More than anything else, keep in mind that there are usually at least a few different ways of doing anything in a *nix OS. Just because I do it this way does not mean that it's the right way™. These instructions may give you hives and cause your computer to explode. Use them are your own risk. If I make a typo, you blindly follow it, and you erase all of your data - sorry, but that's on you. These should be thought of as a guide - to get you going again when you are stuck, or to show you what may come next if you've never done it before. I'm happy to help, when I have time, and I'll do my best to avoid making mistakes myself, but if you are not 100% aware of what is happening, READ MORE, do research, maybe even try it out first in a non-production environment, or a VM that you can re-set. Don't expect to be able to zip through something complicated like the GCC HOWTO in a few minutes, not gonna happen. If it was simple or easy, you would probably not be looking for guidance.
Anywhere you see a time listed, like in the list of HOWTOs, my local time zone is EST/EDT in the USA (the time in New York).
If you come from a Windows background, recently, you may say "folder", but you will notice that I use what I believe to be the correct word: "directory". I will not get in to a discussion about that, as I will not get in to a discussion about religion, abortion, Emacs vs Vi, or any other "holy war".
These HOWTO documents were originally intended to be the series of commands that I run (or instruct others to run) and any gotchas that you may come across in the process.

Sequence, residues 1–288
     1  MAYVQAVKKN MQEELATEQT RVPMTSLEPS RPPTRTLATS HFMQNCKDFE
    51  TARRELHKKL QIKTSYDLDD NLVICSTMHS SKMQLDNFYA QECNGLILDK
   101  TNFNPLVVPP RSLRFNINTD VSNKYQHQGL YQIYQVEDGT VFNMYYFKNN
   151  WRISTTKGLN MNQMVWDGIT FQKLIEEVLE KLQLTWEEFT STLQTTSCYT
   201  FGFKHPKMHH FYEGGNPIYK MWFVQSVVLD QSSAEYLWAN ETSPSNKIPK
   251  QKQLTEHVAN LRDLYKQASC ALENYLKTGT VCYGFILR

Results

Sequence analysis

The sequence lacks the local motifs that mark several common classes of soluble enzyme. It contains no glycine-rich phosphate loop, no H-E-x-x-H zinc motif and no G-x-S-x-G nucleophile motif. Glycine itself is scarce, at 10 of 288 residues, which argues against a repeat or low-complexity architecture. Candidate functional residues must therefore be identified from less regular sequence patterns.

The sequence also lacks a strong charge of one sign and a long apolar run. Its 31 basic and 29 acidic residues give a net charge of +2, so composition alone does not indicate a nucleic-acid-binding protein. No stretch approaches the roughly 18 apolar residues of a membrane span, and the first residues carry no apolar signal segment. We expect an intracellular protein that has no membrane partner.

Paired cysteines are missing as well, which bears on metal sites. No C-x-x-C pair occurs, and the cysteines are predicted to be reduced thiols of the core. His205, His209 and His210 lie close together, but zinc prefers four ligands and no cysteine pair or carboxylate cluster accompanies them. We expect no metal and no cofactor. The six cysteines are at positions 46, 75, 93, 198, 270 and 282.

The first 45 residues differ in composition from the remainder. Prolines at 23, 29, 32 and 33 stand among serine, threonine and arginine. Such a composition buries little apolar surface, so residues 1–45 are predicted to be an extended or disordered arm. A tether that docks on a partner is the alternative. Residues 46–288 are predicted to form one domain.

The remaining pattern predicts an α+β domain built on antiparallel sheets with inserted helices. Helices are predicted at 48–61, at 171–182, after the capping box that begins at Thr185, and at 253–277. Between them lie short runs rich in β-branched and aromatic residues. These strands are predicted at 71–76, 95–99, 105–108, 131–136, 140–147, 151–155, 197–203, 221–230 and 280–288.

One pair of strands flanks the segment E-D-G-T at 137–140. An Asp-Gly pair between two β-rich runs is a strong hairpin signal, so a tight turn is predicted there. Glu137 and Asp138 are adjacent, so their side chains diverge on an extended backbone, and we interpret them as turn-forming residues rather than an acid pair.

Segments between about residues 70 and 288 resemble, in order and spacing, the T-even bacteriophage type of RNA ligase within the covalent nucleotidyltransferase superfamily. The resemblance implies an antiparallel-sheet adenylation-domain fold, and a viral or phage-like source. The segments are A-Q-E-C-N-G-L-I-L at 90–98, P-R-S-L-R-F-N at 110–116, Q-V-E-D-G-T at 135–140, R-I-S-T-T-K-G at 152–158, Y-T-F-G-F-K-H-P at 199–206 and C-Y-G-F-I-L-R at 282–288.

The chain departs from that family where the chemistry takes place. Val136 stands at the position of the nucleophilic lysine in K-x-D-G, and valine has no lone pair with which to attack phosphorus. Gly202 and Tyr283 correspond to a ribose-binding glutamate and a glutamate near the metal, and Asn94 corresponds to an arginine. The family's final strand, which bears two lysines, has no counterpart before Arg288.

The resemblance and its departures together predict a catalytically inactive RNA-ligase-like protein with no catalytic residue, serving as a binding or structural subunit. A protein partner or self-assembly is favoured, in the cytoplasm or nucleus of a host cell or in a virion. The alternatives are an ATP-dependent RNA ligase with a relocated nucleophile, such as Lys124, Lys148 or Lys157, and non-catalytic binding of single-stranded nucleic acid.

I've been keeping the publicly accessible version of these going since roughly 2001. Some off-line ones years longer.
They were originally created for use by former clients of mine. At one point, I took them offline but received regular e-mails asking to send one, asking to pay for access, etc. So, I put them back up again.
Primarily thanks to Google, there appear to be lots of people using these. Much if it is dynamically generated by PHP, but some day I will probably write up a static copy that can be mirrored with rsync. [ I've been saying that for years... <g> ]
Each of these so-called HOWTOs uses source code, but is written for use on a machine that is running Slackware. These may or may not work on other distributions that use a different layout of files and directories (no, I do not use "folder"). Don't even bother reading these if you use Red Hat/Fedora, Ubuntu or similar ones where you'd be breaking your package manager (rpm, yum, apt-get, etc.) dependencies... unless of course you don't mind doing that. You'll also see 'removepkg packagename' in most of them. This tells Slackware's package tool to remove the old package that we're replacing.
Slackware uses 'su' primarily, some others like Ubuntu use 'sudo'. You can use whichever you like, but at least as I write this now, I'll be putting 'su' in there each time you need to become the "Superuser" (root). With Slackware 13.37, I noticed that before you could use 'su' and $USER would still be set to your non-root user. Now it seems you have to run 'su -p' to get that same behavior. Running 'logname' (after 'su') works too. So, HOWTOs that have not been updated lately may have 'su' and the use of $USER in there, but newly updated ones will use 'logname'. I've got it installed under Slackware 12.2, Slackware 13.37, Ubuntu 10.04.4, Ubuntu 11.10, ... so hopefully it's as widely used as it appears to be.